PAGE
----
Novel Proposals on Corporate Reporting Reforms: Will Investor Needs Be Met?
Having worked in the financial reporting policy field for nearly nine years, I’ve witnessed two layers of corporate reporting reform occurring in parallel.
One layer has focused largely on changes to specific accounting standards. The highlights of that layer have been the US Generally Accepted Accounting Principles (GAAP) and International Financial Reporting Standards (IFRS) convergence projects — leases, revenue recognition, financial instruments — as well as the recent focus on disclosure effectiveness.
Then there is a second, big-picture aspect to corporate reporting reforms, in which the fundamental question has been about how to ensure that corporate reporting facilitates a focus by key stakeholders, including investors, on the long-term value creation of reporting companies. A main argument by proponents of corporate reporting reform is the observation that the accounting balance sheets of most corporations do not reflect their intangible assets. These assets are a key part of the “value creation” equation. In tandem, there is an increasing number of investors who are incorporating “nonfinancial,” such as sustainability information (i.e., ESG), into their investment analysis.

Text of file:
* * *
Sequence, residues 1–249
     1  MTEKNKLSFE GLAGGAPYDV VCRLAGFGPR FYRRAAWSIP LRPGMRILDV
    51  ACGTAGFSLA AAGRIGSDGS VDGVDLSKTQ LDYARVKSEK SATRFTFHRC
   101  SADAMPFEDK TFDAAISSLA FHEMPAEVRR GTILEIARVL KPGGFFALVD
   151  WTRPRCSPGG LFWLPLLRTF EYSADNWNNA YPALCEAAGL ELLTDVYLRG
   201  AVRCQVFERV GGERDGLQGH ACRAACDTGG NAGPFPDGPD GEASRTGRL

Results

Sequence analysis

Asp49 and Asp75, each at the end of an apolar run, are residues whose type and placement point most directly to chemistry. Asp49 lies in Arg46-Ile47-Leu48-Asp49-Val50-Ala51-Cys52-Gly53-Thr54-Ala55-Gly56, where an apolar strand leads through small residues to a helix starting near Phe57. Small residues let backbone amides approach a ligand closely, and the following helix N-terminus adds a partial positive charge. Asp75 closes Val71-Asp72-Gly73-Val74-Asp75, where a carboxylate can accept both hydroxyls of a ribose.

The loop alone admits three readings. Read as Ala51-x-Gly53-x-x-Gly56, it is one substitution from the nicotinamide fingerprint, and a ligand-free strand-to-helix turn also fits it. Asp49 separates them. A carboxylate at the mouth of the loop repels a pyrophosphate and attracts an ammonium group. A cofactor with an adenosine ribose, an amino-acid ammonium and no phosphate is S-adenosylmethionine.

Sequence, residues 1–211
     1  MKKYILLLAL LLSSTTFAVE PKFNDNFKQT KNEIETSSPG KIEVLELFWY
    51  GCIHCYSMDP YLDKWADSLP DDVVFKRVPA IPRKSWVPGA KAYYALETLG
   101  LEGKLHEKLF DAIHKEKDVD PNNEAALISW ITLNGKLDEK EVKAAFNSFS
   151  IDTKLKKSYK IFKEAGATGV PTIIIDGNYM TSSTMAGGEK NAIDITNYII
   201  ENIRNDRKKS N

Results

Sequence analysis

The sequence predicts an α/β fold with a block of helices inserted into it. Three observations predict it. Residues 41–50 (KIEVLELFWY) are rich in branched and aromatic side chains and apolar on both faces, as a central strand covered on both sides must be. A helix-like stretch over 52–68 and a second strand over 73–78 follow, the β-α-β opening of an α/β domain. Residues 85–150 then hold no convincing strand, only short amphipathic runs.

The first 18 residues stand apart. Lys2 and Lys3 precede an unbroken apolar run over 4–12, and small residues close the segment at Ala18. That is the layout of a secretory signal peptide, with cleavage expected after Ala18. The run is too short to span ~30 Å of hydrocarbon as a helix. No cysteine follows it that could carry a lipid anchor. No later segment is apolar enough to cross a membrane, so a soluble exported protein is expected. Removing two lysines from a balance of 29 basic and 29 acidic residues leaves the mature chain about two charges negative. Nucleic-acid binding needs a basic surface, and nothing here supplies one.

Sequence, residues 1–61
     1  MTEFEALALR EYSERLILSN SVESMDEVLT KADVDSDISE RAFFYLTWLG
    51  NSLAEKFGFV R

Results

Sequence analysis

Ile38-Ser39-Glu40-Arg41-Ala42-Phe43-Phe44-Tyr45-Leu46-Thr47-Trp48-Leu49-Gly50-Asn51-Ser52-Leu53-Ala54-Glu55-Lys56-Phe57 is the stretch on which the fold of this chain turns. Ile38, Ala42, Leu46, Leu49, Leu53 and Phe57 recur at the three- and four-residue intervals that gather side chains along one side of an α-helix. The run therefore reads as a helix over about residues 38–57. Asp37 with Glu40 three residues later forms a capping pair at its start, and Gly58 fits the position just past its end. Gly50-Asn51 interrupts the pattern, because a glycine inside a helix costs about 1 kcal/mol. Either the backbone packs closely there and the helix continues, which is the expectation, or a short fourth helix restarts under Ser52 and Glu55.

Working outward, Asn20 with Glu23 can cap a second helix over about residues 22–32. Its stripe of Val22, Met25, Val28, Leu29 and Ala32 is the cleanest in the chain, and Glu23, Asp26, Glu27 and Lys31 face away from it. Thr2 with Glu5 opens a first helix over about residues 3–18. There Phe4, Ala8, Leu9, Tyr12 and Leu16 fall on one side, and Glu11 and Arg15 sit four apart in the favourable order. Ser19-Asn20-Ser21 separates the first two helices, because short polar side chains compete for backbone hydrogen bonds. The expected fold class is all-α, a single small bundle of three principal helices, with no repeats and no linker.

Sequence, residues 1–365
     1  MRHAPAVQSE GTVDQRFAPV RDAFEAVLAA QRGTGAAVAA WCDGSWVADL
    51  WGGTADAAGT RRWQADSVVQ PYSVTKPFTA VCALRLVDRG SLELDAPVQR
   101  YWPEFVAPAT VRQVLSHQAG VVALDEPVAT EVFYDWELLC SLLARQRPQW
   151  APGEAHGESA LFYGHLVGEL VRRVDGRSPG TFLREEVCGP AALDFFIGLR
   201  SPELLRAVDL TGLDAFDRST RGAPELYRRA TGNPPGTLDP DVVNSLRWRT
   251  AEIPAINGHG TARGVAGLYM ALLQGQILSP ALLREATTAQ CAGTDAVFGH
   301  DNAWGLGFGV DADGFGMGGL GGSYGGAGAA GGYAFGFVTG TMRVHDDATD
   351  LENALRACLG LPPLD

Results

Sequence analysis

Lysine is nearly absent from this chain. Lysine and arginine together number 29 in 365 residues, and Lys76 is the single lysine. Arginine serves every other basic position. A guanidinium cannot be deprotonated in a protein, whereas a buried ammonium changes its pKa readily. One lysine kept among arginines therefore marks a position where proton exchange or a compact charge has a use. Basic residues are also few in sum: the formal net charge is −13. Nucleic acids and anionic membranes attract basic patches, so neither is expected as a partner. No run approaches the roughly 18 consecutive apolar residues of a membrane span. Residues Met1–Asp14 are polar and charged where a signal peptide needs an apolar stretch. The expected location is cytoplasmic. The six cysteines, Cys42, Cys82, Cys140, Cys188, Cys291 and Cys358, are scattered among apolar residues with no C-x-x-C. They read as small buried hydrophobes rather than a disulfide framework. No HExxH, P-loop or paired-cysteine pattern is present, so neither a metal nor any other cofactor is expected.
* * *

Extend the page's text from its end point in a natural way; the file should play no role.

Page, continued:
Any debate on the future of corporate reporting cannot overlook the advances in technology, the proliferation of data and information sources, and enhanced predictive analytics that presents opportunities for disruption in how companies are analyzed. Consequently, there is a real question of whether the existing corporate reporting model is anachronistic and whether there is a risk of it becoming obsolete in the near future if it does not adequately meet the needs of its varied stakeholders, especially the needs of investors. That being said, every existential threat presents an opportunity for refinement and reinvention, and there is an emerging space for blue-sky thinking on what the future of corporate reporting should look like. In this respect and in the spirit of innovation, the Federation of European Accountants (FEE) issued a thought-provoking discussion paper on the future of corporate reporting that would benefit from investor input.
The following interviews with Hilde Blomme, deputy CEO of FEE, and Mark Vaessen, chair of corporate reporting policy at FEE, highlight key points of their discussion paper proposals. In the first video, they discuss the objectives and main elements including the novel CORE/MORE model.
In the second video, they talk about some of the practical implications of the proposed approach and expected input from investors.
Investors, financial analysts, and other capital market participants may have questions or views on whether the proposed FEE corporate reporting reform framework is a sensible way forward and whether it likely serves the analytical needs of investors. They may also have independent or unrelated ideas on what needs to occur with corporate reporting at a big-picture level. To share such views, respond to the FEE’s discussion paper, by email (firstname.lastname@example.org) before 30 June, 2016.
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